FLORHAM PARK, N.J. -- If the New York Jets beat the Philadelphia Eagles on Sunday and go on to make something special out of their season, we'll probably look back and try to identify a turning point. Because that's what we do in sports; we like to highlight Moments.
Or maybe, just maybe, it will be the night of Nov. 7, when Brandon Moore walked into the Jersey Lanes bowling alley in Linden. He attended a charity event hosted by Santonio Holmes. Other teammates showed up, too, but Moore's presence was significant because, only three weeks earlier, he and Holmes were engaged in a very public -- and ugly -- war of words that threatened to rip apart the locker room.
This past Monday, Holmes returned the favor, visiting Moore's annual Christmas party at a Boys and Girls Club in Newark. Holmes was a hit, mingling with the kids and playing games with them.
"It was good to see him," Moore said. "The kids really enjoyed it, getting to see Santonio Holmes. They got to play video games with him. That's not an everyday occurrence."
These may seem like small, routine gestures -- bowling and video games -- but they symbolize the harmony in the Jets' locker room. Let's not be naive here -- obviously, winning cures a lot -- but there's no doubt that the Moore-Holmes truce helped the team navigate difficult stretches.
The season survived two near-death experiences -- a three-game losing streak and the Tim Tebow debacle in Denver -- and here the Jets are, controlling their own playoff destiny with three games to play.
It was dramatically different in mid-October, when Moore, tired of Holmes publicly criticizing the offensive line, stepped out of character and fired back. It was stunning because of Moore's understated demeanor. He questioned Holmes' leadership as a captain, the kind of harsh rebuke rarely seen in professional locker rooms.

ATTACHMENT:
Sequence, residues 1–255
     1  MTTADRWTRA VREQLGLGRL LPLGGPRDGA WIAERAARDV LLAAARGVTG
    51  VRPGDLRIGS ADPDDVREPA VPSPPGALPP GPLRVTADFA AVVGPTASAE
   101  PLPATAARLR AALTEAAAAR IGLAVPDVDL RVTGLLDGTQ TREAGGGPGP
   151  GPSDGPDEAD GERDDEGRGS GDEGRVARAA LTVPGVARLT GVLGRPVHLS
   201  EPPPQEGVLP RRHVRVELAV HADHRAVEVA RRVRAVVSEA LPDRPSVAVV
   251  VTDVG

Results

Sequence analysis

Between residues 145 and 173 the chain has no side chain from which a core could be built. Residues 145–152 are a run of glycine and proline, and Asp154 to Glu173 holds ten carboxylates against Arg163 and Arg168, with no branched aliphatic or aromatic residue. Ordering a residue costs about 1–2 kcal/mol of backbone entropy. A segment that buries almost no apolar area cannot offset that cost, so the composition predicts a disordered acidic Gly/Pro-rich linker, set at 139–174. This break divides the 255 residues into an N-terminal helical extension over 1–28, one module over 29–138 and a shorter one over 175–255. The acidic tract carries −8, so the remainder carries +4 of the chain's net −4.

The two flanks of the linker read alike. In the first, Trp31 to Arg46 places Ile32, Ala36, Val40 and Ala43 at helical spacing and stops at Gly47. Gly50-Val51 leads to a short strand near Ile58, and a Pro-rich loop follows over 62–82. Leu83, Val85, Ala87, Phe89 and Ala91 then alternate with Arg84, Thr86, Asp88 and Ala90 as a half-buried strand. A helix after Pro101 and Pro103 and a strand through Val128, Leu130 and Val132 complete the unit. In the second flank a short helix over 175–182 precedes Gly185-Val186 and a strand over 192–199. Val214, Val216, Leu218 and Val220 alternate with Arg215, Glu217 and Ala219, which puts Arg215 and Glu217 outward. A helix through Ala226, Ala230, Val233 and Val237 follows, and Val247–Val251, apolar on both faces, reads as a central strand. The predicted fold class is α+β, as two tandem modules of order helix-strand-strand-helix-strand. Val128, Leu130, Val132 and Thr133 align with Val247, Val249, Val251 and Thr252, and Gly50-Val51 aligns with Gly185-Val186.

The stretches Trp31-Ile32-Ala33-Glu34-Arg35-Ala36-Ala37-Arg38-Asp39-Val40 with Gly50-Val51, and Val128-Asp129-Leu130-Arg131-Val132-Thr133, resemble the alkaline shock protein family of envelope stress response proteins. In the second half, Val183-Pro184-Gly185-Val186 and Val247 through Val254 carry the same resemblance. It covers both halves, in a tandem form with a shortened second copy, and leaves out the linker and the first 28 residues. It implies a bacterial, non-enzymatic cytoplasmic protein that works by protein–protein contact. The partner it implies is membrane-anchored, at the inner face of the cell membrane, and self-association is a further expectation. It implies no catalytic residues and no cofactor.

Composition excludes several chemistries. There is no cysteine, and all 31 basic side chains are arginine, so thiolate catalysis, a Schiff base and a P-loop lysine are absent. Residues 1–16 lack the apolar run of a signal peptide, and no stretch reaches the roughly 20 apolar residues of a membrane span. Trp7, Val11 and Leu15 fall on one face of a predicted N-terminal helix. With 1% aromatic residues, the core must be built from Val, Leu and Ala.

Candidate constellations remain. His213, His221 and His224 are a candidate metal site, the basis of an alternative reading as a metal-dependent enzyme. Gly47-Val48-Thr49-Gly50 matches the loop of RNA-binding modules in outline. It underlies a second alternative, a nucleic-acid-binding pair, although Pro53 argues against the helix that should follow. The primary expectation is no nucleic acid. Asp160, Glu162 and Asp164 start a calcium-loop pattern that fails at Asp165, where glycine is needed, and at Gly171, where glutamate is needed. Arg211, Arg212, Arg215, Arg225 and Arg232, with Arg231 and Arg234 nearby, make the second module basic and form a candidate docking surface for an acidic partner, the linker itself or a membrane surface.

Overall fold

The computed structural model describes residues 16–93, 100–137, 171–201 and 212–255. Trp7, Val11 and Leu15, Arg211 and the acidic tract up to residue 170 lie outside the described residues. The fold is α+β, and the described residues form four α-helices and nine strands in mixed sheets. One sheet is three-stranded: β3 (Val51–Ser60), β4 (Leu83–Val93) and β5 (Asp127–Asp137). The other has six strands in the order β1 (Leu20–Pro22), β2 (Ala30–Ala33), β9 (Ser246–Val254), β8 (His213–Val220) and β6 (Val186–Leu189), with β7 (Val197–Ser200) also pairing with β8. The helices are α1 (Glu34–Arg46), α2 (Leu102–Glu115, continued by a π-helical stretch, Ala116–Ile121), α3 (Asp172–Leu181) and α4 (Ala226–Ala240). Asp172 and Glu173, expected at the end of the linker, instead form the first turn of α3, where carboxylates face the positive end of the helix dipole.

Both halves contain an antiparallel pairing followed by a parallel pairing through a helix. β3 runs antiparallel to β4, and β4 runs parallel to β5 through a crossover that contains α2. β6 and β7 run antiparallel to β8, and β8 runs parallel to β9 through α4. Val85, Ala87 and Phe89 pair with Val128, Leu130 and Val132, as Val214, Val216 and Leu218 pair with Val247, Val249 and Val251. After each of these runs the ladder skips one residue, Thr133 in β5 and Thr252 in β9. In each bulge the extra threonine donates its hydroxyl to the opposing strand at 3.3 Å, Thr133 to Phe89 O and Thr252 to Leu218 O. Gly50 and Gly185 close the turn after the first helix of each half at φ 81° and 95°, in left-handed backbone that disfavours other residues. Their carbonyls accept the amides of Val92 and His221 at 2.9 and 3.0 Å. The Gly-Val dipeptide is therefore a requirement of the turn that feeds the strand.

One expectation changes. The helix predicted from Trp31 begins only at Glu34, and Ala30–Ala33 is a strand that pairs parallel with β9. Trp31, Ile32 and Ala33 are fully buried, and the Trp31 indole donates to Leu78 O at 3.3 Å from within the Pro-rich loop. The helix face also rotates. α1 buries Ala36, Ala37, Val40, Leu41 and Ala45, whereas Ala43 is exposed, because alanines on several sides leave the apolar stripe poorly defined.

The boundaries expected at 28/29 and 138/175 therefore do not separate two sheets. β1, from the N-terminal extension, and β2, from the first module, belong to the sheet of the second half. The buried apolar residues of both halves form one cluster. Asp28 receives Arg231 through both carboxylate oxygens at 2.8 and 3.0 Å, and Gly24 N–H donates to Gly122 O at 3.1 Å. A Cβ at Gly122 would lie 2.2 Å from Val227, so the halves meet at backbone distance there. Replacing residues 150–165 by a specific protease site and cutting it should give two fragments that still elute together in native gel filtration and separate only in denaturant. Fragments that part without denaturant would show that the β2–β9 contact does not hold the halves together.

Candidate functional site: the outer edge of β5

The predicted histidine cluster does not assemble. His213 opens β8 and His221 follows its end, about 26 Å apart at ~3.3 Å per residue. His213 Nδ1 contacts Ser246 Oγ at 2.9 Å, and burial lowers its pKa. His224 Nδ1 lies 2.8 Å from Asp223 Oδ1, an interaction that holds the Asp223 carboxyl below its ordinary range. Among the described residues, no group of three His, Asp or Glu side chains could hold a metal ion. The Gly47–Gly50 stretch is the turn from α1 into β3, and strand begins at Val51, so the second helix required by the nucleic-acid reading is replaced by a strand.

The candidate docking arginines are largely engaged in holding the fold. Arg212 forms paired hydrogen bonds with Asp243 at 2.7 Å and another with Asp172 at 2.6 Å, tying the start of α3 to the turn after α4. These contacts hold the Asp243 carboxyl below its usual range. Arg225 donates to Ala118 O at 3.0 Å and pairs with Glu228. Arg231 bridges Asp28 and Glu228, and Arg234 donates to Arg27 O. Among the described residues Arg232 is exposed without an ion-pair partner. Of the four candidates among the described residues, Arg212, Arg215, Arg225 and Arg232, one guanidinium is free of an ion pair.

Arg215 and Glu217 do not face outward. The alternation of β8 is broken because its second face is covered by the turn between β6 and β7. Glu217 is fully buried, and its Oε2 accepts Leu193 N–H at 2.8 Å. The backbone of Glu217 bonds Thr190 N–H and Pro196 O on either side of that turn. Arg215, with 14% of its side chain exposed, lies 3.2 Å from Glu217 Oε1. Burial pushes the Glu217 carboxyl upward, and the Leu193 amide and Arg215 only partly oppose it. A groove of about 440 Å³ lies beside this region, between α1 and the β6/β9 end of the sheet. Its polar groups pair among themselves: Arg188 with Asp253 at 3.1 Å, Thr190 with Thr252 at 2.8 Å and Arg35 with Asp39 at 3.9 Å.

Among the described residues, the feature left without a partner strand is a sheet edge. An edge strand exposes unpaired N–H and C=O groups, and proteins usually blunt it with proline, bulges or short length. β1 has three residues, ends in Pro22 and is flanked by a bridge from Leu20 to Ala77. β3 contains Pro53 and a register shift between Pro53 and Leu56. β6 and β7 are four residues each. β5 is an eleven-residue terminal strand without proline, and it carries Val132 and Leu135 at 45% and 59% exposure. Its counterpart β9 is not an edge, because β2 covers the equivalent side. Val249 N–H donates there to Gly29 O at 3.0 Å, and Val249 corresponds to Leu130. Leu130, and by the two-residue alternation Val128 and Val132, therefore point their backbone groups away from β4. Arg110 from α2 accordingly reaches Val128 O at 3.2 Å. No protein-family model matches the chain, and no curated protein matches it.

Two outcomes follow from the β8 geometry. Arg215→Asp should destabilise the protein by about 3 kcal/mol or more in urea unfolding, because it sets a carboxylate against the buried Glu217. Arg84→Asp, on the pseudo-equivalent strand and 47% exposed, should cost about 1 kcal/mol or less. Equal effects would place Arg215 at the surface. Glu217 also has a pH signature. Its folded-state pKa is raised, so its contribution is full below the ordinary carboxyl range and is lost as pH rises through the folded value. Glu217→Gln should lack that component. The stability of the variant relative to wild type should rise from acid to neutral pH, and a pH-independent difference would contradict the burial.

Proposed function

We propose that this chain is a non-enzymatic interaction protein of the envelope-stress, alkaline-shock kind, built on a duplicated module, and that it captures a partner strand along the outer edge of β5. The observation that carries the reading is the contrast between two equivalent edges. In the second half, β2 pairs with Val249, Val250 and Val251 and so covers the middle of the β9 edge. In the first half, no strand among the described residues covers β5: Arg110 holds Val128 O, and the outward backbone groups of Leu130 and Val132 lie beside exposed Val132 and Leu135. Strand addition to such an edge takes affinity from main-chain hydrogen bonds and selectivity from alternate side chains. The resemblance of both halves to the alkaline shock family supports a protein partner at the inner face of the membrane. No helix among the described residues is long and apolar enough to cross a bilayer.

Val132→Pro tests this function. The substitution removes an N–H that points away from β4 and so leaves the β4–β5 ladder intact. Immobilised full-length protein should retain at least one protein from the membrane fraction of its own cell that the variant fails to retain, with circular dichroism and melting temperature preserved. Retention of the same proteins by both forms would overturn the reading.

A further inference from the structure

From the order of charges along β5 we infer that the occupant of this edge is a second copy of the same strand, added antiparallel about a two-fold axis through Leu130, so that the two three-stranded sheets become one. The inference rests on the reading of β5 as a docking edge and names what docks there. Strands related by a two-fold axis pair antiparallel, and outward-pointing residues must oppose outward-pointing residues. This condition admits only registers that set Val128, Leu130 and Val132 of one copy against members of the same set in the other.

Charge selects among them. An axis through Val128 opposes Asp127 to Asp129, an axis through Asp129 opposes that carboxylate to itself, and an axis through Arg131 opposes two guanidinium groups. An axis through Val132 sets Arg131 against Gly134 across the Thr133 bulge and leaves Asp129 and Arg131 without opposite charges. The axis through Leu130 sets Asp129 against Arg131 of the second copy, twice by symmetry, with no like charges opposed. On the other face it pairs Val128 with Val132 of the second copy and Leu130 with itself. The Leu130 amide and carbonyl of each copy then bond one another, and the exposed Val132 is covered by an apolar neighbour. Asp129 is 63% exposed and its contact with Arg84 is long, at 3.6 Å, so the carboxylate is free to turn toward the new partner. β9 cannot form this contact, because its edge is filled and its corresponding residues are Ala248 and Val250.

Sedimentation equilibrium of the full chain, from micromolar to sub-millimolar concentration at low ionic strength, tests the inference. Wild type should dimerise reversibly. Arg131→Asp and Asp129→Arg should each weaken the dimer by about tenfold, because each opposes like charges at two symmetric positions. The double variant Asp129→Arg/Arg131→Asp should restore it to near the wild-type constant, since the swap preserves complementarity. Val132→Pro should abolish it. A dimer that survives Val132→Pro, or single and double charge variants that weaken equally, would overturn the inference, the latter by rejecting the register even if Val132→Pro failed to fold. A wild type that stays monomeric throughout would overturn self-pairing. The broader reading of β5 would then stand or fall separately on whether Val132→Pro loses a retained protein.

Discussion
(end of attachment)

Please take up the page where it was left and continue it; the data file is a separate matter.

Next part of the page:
But it's just what they needed, just what the team needed before things spiraled out of control. At the time, they had lost three straight and there was internal tension. You got the feeling things were about to blow sky-high.
Moore and Holmes were summoned to Rex Ryan's office for a lecture, and Ryan trotted them out as game captains a couple of days later before they faced the Dolphins on Monday night. It was the beginning of the healing process.
"One of Rex's big things when all that went down was, in order for us to move together as an offense and as a team, you can't have two guys -- two leaders, two guys in front -- who aren't seeing eye to eye, holding grudges," said Moore, discussing that chapter at length for the first time since it occurred.
"It could be a distraction. Of course, in a locker room, you've got 60 guys in there, so everybody isn't going to get along. But we go into battle every week and I root for him just as much as he probably roots for me."
In retrospect, Ryan said he isn't surprised that Holmes and Moore -- two of his six captains -- buried the hatchet.
"I had all the confidence in the world we were going to move past it, and we did," he said. "It's never personal. We respect everybody in the locker room."
On Thursday, Holmes clammed up when asked about the matter, specifically his attendance at Moore's charity event. Holmes sometimes treats the media like Grinches that want to steal his Christmas, snapping, "We're not talking about that, man. Next question."
He evidently didn't want to re-visit the controversy, failing to realize that the story isn't the controversy; it's how he and Moore got past it.
In the end, it doesn't matter if Holmes refuses to share his feelings. From all indications, he and Moore are OK. If you noticed, Holmes hasn't said anything remotely inflammatory since that episode.
"Even with what we said publicly, even through all that, I like 'Tone," Moore said. "He's a great player, a great teammate, one of the guys in practice that teaches and motivates. I enjoy being his teammate."